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    Kobe earthquake anniversary

    Today, it’s exactly ten years since the Great Hanshin Earthquake, which killed over 6500 people in and around Kobe. Given the recent catastrophic earthquake and tsunami in developing Southeast Asia, it’s sobering to recognize that, even in a country known for its whizbang technology and millennia of dealing with these things, recovery goes in fits and starts. Reason ran a piece a few years after the quake about bureaucratic problems that hampered both immediate rescue and long-term rebuilding, which has an unsettling resonance given the already-emerging charges of incompetence against UN personnel handling disaster aid now.

    There are a few other parallels. Kobe is not considered a hot earthquake zone in Japan. Neither is Niigata, which just got hit with a series of big ones in October. That means that building codes and disaster rehearsals were not up to the same standards as they are here in Tokyo, and not without justification. It just isn’t rational to expend all kinds of time, energy, and money getting ready for something that’s almost certain not to happen.

    That’s not to say that governments should rest on their laurels–the Mainichi published the results of a survey last week that indicated that many local governments don’t feel prepared to deal with disasters. This year saw an unusual series of typhoons with their attendant floods and mudslides, followed by the Niigata earthquake, so the possibilities are very much fresh in the minds of municipal authorities. Many lessons from the Kobe earthquake have also been assimilated and put into practice–the city of Sendai fitted its gas lines with a different shutoff system, and when a 6.9 M quake happened in 2003, it had reason to be grateful. But no matter what the police and fire departments do, people scattered through buildings and streets still have to know how to live through the first strike long enough to be helped. (BTW, if you’re reading this from Japan, do you have everything attended to?)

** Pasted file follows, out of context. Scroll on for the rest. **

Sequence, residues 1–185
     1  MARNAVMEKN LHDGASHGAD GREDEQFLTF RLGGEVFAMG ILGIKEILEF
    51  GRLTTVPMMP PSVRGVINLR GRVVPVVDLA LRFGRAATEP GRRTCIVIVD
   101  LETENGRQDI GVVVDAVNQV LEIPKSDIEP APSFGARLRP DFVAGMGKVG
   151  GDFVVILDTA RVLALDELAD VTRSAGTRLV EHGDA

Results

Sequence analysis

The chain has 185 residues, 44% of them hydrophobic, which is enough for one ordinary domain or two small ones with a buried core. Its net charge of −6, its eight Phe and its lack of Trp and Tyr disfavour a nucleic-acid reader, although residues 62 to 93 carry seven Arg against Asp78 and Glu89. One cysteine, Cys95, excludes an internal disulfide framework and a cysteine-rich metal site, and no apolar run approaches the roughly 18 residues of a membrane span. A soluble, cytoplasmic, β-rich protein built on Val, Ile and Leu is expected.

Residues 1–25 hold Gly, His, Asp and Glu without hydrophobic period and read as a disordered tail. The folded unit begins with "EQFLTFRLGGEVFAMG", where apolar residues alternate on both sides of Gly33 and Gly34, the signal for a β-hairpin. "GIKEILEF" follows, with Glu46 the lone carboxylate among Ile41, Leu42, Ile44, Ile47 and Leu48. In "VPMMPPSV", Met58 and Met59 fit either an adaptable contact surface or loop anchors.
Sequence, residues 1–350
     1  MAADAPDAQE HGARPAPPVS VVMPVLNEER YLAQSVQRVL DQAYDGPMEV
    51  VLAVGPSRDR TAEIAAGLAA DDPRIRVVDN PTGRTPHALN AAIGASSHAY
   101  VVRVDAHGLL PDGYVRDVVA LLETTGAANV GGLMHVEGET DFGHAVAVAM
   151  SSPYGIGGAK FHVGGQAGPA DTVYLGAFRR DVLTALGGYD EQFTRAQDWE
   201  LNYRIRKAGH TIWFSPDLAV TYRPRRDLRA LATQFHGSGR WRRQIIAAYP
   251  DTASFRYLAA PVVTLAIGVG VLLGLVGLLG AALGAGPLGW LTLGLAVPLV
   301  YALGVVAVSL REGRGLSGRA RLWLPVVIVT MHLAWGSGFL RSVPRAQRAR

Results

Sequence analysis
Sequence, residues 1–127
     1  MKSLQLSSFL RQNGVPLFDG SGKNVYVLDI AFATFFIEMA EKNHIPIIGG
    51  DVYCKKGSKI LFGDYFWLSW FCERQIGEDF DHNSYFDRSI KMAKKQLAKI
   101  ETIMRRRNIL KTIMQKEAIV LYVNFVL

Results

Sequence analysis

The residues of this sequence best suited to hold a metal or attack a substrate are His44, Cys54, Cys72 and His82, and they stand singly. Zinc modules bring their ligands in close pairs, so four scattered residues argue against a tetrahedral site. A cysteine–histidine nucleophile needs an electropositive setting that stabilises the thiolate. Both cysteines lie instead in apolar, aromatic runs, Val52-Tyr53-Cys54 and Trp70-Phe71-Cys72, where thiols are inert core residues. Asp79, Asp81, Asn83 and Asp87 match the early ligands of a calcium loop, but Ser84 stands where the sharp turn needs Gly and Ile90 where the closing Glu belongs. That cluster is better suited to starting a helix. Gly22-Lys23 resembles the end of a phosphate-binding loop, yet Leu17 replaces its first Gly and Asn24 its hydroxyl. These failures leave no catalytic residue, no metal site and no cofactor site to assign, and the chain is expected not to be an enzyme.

Added on 18 January: Thanks to Far Outliers for linking this post. He went to high school in Kobe (which used to have one of the largest communities of foreigners in Japan, I think), and he offers a few interesting slice-of-life details from what he remembers pre-earthquake.

    Okay, last time I linked to something of Joel’s, I changed his religion and made him the author of a book he hadn’t written. And ended up in a long discussion about green beans. Therefore, I am making doubly sure he says he went to high school in Kobe, because I know he mentioned something about Kyoto in there…um, looks okay.

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